Friday, December 21, 2012

Snowflakes for Sandy Elementary

By now many of you have seen this message spread around Facebook, or even in your own schools:

Something we can do for the Students of Sandy Hook Elementary School. Welcome Students to a Winter Wonderland

When school resumes for Sandy Hook, it will be in a new building. Parent-volunteers are working to ensure that the students are welcomed back by a winter wonderland with the entire school decorated with as many unique snowflakes as possible. We encourage senders to be as creative as possible, remembering that no two snowflakes are alike. Please make and send snowflakes by January 12, 2013 to the Connecticut PTA address: 

Connecticut PTA
60 Connolly Parkway
Building 12, Suite 103
Hamden, CT 06514

Our local IFT even shared the message, and my colleagues jumped on helping any way they could.  Since today was a shortened day (being the last day before break), I asked my morning classes if they would like to help create snowflakes for Sandy Elementary.

Prior to making the snowflakes, our students had conversations with parents and teachers.  Students had questions earlier in the week, and we addressed them with care and consideration for everyone involved.  When I introduced the idea to my students, I explained that we were doing our part to show that we cared about Sandy Elementary students and wanted to brighten their day.  Even my adorable class clowns were focused with the project.

On a side note, I hate glitter.  As much as I hate glitter, I still pulled it out to make the projects more colorful and bright for the students.  The kids had loads of fun drawing designs with glue on their snowflakes.

By the time we were done, I had quite a few tables covered with glittered snowflakes, and our Jr. High even brought their donations in to join with the elementary's to be shipped off.

I do have to give credit to my co-workers for sending out the school email asking who wanted to get involved.  When our teachers were notified by the union about the project, I was unfortunately out sick, but when I checked my emails and found out the project was going to happen, I was happy to help out any way I could when I came back to work (on another side note, I hate being sick too).  Thank you to my co-workers for starting it and giving me an opportunity to help!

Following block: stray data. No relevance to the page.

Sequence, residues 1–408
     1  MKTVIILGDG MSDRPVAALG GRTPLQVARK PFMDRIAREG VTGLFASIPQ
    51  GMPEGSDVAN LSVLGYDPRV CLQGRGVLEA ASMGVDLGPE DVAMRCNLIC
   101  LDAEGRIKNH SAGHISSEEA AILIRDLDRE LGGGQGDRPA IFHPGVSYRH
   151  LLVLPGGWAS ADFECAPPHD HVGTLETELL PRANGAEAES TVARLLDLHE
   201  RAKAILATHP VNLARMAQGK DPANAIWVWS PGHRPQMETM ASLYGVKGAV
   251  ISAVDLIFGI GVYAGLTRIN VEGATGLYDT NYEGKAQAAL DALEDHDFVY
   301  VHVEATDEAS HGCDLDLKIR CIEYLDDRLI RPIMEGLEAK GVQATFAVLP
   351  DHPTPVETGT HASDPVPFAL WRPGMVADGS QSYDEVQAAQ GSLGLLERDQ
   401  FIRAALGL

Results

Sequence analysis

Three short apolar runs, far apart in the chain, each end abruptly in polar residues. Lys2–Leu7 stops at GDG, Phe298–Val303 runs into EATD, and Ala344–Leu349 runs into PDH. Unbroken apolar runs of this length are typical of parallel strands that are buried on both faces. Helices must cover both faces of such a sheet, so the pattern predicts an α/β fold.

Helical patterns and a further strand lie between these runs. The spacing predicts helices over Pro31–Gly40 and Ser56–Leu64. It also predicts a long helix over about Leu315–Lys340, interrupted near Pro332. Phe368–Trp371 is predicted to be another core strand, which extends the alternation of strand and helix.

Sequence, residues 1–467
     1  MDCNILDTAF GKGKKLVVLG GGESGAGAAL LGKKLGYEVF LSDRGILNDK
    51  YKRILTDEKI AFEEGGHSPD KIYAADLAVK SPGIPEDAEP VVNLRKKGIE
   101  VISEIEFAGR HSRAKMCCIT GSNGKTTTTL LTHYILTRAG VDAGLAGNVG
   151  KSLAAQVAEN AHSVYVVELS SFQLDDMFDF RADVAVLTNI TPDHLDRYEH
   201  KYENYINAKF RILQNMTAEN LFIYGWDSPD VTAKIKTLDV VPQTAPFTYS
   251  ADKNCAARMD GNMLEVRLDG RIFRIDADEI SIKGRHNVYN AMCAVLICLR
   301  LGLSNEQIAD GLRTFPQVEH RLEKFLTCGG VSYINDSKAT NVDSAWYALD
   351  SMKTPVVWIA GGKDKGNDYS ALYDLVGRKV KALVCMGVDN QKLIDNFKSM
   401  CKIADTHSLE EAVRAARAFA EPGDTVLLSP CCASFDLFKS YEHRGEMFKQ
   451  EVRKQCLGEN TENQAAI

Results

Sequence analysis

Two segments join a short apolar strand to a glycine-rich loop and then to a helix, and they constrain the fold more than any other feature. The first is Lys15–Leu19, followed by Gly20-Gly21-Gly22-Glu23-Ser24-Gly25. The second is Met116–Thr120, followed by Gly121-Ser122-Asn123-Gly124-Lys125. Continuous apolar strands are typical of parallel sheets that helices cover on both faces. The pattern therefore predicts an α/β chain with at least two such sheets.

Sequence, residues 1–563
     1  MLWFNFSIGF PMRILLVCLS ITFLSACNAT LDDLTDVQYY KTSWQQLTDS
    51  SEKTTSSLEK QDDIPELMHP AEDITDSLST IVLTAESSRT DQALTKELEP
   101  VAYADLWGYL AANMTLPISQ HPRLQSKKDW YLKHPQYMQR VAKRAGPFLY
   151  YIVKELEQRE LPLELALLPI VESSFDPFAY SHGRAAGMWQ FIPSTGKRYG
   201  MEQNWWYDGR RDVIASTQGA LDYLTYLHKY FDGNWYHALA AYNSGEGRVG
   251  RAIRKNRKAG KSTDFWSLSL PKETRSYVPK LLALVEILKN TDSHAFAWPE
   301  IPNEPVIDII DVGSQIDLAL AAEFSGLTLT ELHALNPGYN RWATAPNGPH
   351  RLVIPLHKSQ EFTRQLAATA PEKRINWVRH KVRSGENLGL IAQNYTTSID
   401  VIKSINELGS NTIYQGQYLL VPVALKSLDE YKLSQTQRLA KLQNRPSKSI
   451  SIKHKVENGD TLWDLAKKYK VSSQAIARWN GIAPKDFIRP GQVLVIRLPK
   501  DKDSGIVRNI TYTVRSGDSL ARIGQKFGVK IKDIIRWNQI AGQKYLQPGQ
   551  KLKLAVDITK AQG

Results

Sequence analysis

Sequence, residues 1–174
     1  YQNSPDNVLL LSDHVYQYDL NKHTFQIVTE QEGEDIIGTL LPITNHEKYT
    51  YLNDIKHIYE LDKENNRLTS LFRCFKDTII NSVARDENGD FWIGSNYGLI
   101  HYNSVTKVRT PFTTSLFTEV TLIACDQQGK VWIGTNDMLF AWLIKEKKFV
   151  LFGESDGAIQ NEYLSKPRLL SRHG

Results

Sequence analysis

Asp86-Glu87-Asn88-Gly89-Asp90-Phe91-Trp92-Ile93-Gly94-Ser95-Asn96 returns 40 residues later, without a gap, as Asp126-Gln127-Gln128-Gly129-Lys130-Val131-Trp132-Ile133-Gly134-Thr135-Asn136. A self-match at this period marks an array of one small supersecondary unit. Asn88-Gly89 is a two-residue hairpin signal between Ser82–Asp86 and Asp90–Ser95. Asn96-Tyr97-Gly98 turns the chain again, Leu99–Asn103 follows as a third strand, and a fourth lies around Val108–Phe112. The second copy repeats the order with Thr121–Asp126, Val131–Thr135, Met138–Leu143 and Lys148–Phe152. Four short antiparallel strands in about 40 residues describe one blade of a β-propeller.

My snowflakes were made with 8.5 x 8.5 inch white paper.  I asked the students to fold three times, then cut out any shapes they wished.  I was thinking of a way for the parents volunteers at Sandy to hang the snowflakes easier, so I had my students glue their snowflakes to colored paper.  The students then trimmed the colors paper any way they wished, by cutting a circle, square, or trimming around the snowflake shape.

Before the students were ready for glue, I gave them a chance to write a positive message to the students on the back of their snowflakes.  Some did, and their words were beautiful.  Made me want to cry.

Last, the students traced designed on their snowflakes with glue.  I controlled the glitter and did the pouring, and no matter how old the students were, they were amazed with how the glitter covered the glue.

Simple snowflake, simple project, wonderful gifts for those who need some happiness.

If you have a chance during this season, please consider doing your part.  The parents are asking for snowflake donations to be shipped by January 12th.  There are plenty of snowflake designs floating around on Pinterest that you can use.